Barycentric interpolation via the AAA algorithm
Since version 2.7 the RKToolbox provides two new utility functions util_bary2rkfun and util_aaa for working with rational functions in barycentric representation
The function util_bary2rkfun takes as inputs the interpolation points (vector z), function values (vector f), and barycentric weights (vector w) of the interpolant. It then outputs the same rational function converted into RKFUN format. See  for details on this conversion.
The util_aaa is a wrapper for the AAA algorithm developed in , which appears to be a very robust method for scalar rational approximation on arbitrary discrete point sets. The only differences of util_aaa compared to the original AAA implementation in  are that
- the output is returned in RKFUN or RKFUNM format, using the conversion described in ,
- it also works for a matrix-valued function F by using a scalar surrogate function for the AAA sampling.
In an example taken from [3, page 27] the AAA algorithm is used to compute a rational approximant to the Riemann zeta function on the interval . Here we do the same, using the util_aaa wrapper:
zeta = @(z) sum(bsxfun(@power,(1e5:-1:1)',-z)); Z = linspace(4-40i, 4+40i); rat = util_aaa(zeta,Z);
The computed rational approximant rat is of degree 29. As it is an object of RKFUN type we can, for example, evaluate it for matrix arguments. Following , we compute for a shifted skew-symmetric matrix having eigenvalues in and a vector . This evaluation uses the efficient rerunning algorithm described in [1, Section 5.1] and requires no diagonalization of . We then compute and display the relative error of the approximant:
A = 10*gallery('tridiag',10); S = 4*speye(10); A = [ S , A ; -A , S ]; b = ones(20,1); f = rat(A, b); % approximates zeta(A)*b [V,D] = eig(full(A)); ex = V*(zeta(diag(D).').'.*(V\b)); norm(ex - f)/norm(ex)
ans = 1.5199e-13
While the AAA algorithm is designed for scalar-valued functions , the computed interpolants can easily be modified to interpolate matrix-valued functions . The util_aaa implements a surrogate approximation approach where the matrix-valued function is first reduced to with random unit vectors and then sampled via AAA. The scalar rational interpolant is then recast as a matrix-valued interpolant by replacing the function values in the barycentric formula with matrices .
We demonstrate this procedure with the help of a simple nonlinear eigenvalue problem (NEP) , with the matrix defined above. We choose a disk of radius 50 centered at as the target set, inside of which there are three eigenvalues of :
F = @(z) A - sqrt(z)*speye(20); evs = eig(full(A)).^2; % exact eigenvalues of F figure(1), plot(evs,'ro'); hold on; shg Z = 10 + 50i + 50*exp(1i*linspace(0,2*pi,100)); plot(Z,'k:'); axis equal; axis([-100,60,-60,100]) legend('exact evs','target set','Location','SouthWest')
The boundary circle is discretized by 100 equispaced points, providing the set of candidate points. We can now run util_aaa to sample this function, say with an error tolerance of .
ratm = util_aaa(F,Z,1e-12)
ratm = RKFUNM object of size 20-by-20 and type (14, 14). Complex sparse coefficient matrices of size 20-by-20. Complex-valued Hessenberg pencil (H, K) of size 15-by-14.
The output is an object of class RKFUNM, a matrix-valued rational function of degree . Note that the error tolerance we used when calling util_aaa corresponds to the approximation error for the scalar surrogate problem, not necessarily for the matrix-valued NEP. Anyway, let's plot the poles of ratm, which appear to align on a (nonstandard) branch cut for the square root:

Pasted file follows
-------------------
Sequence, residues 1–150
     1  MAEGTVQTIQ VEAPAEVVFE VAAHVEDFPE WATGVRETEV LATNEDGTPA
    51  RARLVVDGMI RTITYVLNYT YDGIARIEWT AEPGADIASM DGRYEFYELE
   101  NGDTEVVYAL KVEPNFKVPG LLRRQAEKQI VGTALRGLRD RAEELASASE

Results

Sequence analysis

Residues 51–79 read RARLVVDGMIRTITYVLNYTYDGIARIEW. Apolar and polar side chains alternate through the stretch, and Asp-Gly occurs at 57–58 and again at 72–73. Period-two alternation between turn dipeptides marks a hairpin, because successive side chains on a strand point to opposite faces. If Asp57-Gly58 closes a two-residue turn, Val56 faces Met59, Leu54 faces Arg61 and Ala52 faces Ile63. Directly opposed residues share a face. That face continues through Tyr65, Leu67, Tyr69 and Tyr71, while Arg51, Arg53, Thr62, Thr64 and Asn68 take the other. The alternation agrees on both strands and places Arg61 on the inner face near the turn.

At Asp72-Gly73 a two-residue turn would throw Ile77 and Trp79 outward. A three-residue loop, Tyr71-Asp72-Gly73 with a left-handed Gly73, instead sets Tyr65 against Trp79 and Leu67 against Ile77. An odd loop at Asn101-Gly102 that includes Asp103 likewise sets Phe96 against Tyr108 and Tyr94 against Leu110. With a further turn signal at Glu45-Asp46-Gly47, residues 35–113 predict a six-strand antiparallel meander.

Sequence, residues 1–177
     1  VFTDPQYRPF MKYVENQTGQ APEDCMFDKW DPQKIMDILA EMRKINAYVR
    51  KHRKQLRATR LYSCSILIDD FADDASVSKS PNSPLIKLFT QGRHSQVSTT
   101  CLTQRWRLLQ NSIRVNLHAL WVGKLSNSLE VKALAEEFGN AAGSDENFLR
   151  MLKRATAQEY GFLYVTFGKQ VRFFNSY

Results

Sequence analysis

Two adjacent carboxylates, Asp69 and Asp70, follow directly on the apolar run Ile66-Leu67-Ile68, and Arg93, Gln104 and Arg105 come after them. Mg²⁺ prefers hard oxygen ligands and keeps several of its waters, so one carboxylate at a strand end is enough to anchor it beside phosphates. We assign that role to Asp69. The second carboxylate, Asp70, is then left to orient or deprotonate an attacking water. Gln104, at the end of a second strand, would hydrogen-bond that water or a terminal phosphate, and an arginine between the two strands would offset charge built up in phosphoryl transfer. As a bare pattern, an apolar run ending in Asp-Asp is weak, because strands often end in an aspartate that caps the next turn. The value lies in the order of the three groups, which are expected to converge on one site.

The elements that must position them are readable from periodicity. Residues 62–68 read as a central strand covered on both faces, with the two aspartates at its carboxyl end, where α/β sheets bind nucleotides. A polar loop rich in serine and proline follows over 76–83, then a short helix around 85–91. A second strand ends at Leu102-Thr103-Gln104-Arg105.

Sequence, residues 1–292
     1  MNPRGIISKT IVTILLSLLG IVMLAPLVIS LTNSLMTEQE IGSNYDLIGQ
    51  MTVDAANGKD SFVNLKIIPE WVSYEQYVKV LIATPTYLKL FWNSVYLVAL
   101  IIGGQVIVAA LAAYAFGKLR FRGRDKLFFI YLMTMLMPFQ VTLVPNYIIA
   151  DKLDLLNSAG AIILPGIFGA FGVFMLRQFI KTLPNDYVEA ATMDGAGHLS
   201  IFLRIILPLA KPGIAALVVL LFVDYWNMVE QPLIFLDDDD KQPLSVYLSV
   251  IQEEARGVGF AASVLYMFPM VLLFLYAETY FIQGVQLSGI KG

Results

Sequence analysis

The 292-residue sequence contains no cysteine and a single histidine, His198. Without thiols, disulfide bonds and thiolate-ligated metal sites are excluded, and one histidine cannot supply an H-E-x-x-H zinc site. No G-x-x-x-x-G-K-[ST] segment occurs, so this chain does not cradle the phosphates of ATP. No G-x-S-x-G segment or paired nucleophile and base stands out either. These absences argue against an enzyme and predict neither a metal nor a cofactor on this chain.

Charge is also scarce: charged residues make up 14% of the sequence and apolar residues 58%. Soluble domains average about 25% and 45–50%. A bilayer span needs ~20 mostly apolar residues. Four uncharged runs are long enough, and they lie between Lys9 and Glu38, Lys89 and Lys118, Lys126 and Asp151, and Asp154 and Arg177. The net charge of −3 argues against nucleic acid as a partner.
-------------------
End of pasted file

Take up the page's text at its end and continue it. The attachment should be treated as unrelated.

plot(poles(ratm),'bs') legend('exact evs','target set','poles',... 'Location','SouthWest')
The solution of the rational NEP is now straightforward: We simply need to linearize the RKFUNM and compute the eigenvalues of the resulting matrix pencil:
AB = linearize(ratm); [A,B] = AB.get_matrices(); evs = eig(full(A),full(B)); plot(evs,'m+') legend('exact evs','target set','poles','eigenvalues',... 'Location','SouthWest')
Note how the eigenvalues of the linearization are very good approximations to the eigenvalues of inside the target set. Of course, solving the linearized problem using eig as above is only viable for small problems. However, this is not a problem as the pencil structure AB can also be used as an input to the rat_krylov method. The following lines compute Ritz approximations to the eigenvalues of the linearization from a rational Krylov space of dimension , having all shifts identically placed at the center of the target disk:
shifts = repmat(10 + 50i, 1, 15); [m,n] = type(ratm); dimlin = m*size(ratm,1); % dimension of linearization v = randn(dimlin, 1); % starting vector of Krylov space shifts = repmat(10 + 50i, 1, 14); [V, K, H] = rat_krylov(AB, v, shifts); [X, D] = eig(H(1:end-1, :), K(1:end-1, :)); ritzval = diag(D); plot(ritzval, 'g*') legend('exact evs','target set','poles','eigenvalues',... 'Ritz values','Location','SouthWest')
As one can see, the two Ritz values close to the center of the disk are already quite close to the desired eigenvalues. The accuracy can be increased by computing Ritz values of order higher than .
 M. Berljafa and S. Güttel. The RKFIT algorithm for nonlinear rational approximation, SIAM J. Sci. Comput., 39(5):A2049--A2071, 2017.
 S. Elsworth and S. Güttel. Conversions between barycentric, RKFUN, and Newton representations of rational interpolants, MIMS Eprint 2017.40 (http://eprints.maths.manchester.ac.uk/2593/), Manchester Institute for Mathematical Sciences, The University of Manchester, UK, 2017.
 Y. Nakatsukasa, L. N. Trefethen, and O. Sete. The AAA algorithm for rational approximation, https://arxiv.org/abs/1612.00337, 2017.